Most fans know that King’s big break came with Carrie, the story of a friendless, abused girl with secret telekinetic powers. Though one publishing house told him they were “not interested in science fiction which deals with negative utopias.  They do not sell,” Doubleday picked up the paperback rights to the novel and sold more than a million copies in its first year.


Lord of the Flies was a favorite of so many high-school students, some publishers disagreed. One agent called the classic “an absurd and uninteresting fantasy which was rubbish and dull.” To date, the book has been required reading in high schools for nearly fifty years, 14.5 million copies have been sold, and Golding’s work has been adapted for film twice.


Back in 1966, the young romance author was trying to sell a story she called “Journey Back to Love.” It didn’t go well, however; her submission to Redbook came back with a rejection from the editors, stating "We found the heroine as boring as her husband had." Ouch! The piece was eventually run as a two-part serial in an English magazine, and Mary Higgins Clark currently boasts forty-two bestselling novels.

Thursday, January 16, 2014

James Patterson on Creating Happy Readers

This blogger will have the pleasure of meeting James Patterson in March, 2014 when I present at the Illinois Reading Council Conference.  I am so delighted to have this opportunity.  Here is a post about him and all his accomplishments.

James Patterson didn’t plan to become a famous children’s author. He wasn’t even a big reader when he was a kid, despite having a teacher for a mom and a grandmother who was a librarian.
“I didn’t read as much as I should have,” he admits. “I read what I had to.”

It wasn’t until college, when he could read what he wanted, that he grew to love books.  “I just couldn’t get enough. And it got me scribbling,” he says. “I really liked scribbling. I like telling stories.”

Patterson’s interest in children’s books traces back to when his son, Jack, was 8. Like his dad, Jack was a good student but a so-so reader. That summer, Patterson and his wife made a deal with Jack: He could skip some chores if he agreed to read every day. “Aw, do I have to?” Patterson recalls Jack saying. Jack’s parents told him they would help find books he would really like. “By the end of the summer, Jack had read a dozen books, 10 of which he thought were terrific.”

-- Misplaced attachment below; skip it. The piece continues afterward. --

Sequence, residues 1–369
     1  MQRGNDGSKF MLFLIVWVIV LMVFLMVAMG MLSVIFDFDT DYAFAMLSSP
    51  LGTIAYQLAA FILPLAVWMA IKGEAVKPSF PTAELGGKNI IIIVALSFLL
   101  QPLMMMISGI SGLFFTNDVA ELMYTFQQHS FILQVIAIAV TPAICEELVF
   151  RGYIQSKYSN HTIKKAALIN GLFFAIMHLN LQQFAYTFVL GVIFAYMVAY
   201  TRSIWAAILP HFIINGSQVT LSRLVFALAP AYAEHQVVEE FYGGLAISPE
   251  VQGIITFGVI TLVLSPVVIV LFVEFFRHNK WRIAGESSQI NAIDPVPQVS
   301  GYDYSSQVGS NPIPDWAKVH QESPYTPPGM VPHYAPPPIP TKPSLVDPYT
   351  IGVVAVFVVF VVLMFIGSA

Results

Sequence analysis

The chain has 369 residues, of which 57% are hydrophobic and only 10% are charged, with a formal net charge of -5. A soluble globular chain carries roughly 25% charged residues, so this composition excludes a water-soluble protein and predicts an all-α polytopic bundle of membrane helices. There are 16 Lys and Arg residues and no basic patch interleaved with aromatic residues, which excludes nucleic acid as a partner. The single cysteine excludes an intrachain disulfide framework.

He stresses to kids why reading matters. If you don’t read well, he says, “you’re going to be lost in high school. And what are you going to do in life? Be a pro athlete? A rapper?”  While that might sound good to some kids, the chances of it happening are slim. So that makes reading – and doing well in school – a big deal. “Reading will give you a lot of choices,” Patterson says.

Who or what inspires James Patterson?

The author says he has “a very active imagination” and keeps a folder full of ideas. At any time, he has 45 to 55 projects going, including movie scripts.
“I study, study, study” before writing, he says. “Then I write seven days a week . . . for five, six or eight hours a day.”

To hold readers’ interest, “I pretend ther’s a person sitting across from me, and I don’t want him to leave until I’m finished with the story,” Patterson says.  Because he’s not superhuman, many of his books have co-authors. “I’ll have an idea and will write an outline” of 60 to 80 pages, including ideas for drawings. The co-author writes the first draft, which Patterson checks often “to keep it on track.” Then he buffs up the final version.

His children’s books aren’t sugar-coated. There are kids with disabilities, kids without parents, kids being bullied.  “Yes, there is a dose of reality” in them, he says. “I think that’s good. These books are not softballs. Readers love them because they show kids taking responsibility for their own actions, for their own lives, at a young age.”

Patterson, who is 66, shows no signs of slowing down. “I am a crazy person, totally crazy,” he says. “ I can’t stop writing, and I can’t stop reading.”

Saturday, January 11, 2014

In Beatrix Potter's Real Life Garden

 The vegetables in Beatrix Potter's children's have always come alive, appear fresh and ready to be harvested.  And did you know Ms. Potter was a gardener of gardeners, passionate about her land and what resided there--animals, vegetables, humans?  But what about those cuddly, adorable bunnies?         
Beatrix Potter's Gardening Life by Marta McDowell: Book Cover